For most investors, diversification makes sense as part of the asset allocation process and as a way to help manage risk.
It can also make sense in times of uncertainty and volatility. Last week for example, the FTSE 100 saw its biggest weekly loss since early November 2016, falling 213.04 points, or 2.91%, to 7,114.55. However, after the Macron vote, this week has seen stocks worldwide reach record highs, with the MSCI All-Country World Index, a gauge of global stocks exceeding its previous lifetime high set last month and France’s CAC 40 surging to its highest level in more than nine years. The German DAX also set a new record high, the Euro Stoxx 600 reached a 20-month peak and the Nasdaq has broken through the 6,000 mark for the first time.
There is possibly more volatility and uncertainty ahead however, with the second French vote, the UK election and of course the Brexit negotiations for starters.
Investors tend to check their investment portfolios at times like these – when the stockmarkets are falling or when stocks are soaring. However, both situations tend to cloud the judgment of even the most battle hardened investors and can lead to rash investment decisions being made.
It is much better to keep calm – and to review your portfolio and asset allocation, not just when things are flying or in freefall, but on a regular planned basis. This should be at least once a year, or when there is a significant change to your financial circumstances. Such a review is a good time to look at rebalancing your portfolio as well as evaluating your specific investments.
Setting and maintaining your strategic asset allocation is one of the most important factors in your long-term investment success.
The role of diversification in this process is not about boosting performance so much as helping to manage risk. By agreeing the level of risk that you can live with, based on your goals, time horizon and tolerance for market volatility, a diversified portfolio created specifically for you has the best chance of achieving your aims. The asset allocation you decide upon should match your own objectives and attitude to risk and diversification can help the process of seeking optimum returns for that level of risk.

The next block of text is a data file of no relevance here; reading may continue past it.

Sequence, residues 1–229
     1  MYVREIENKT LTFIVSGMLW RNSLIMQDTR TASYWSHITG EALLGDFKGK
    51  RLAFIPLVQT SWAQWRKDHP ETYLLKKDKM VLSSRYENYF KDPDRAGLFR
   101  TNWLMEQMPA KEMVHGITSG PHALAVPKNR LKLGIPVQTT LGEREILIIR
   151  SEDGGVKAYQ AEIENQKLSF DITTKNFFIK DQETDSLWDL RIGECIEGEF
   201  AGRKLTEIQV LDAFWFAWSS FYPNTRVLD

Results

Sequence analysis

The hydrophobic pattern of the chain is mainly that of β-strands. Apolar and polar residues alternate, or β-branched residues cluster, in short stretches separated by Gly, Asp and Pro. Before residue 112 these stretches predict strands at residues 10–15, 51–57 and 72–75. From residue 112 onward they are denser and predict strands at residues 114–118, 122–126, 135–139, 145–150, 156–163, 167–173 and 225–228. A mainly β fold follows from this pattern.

The benefit of diversification is because historically different assets behave differently. This is called correlation. Over the long term, evidence shows that cash tends to have a very low correlation with equities and property; that property has a higher correlation with equities; and that equities have low correlation with fixed interest.
You should also look to stay diversified within each type of investment. In terms of stocks, for example, this could mean diversifying across equities or funds by market capitalisation (small, mid, and large caps), sectors. You should also consider both industry as well as geographical sectors – in other words not just the UK but also the US, Europe, Japan and emerging markets for example, as not all regions do well at the same time, or to the same degree. You may want to consider a mix of styles, too, such as growth and value.
To summarise, the aim of diversification is to help reduce risk, so that your investments as a whole have the best chance of achieving your aims. Your actual asset mix needs to match your own personal goals, objectives and attitude to risk, which means the right portfolio for one investor is not likely to be appropriate for another.
The title started this article off with a nod to Bobby Darin. We end with a biblical nod - “go forth and diversify”. You know it makes sense!
For more information on diversification and for help with your investment planning, contact Kellands.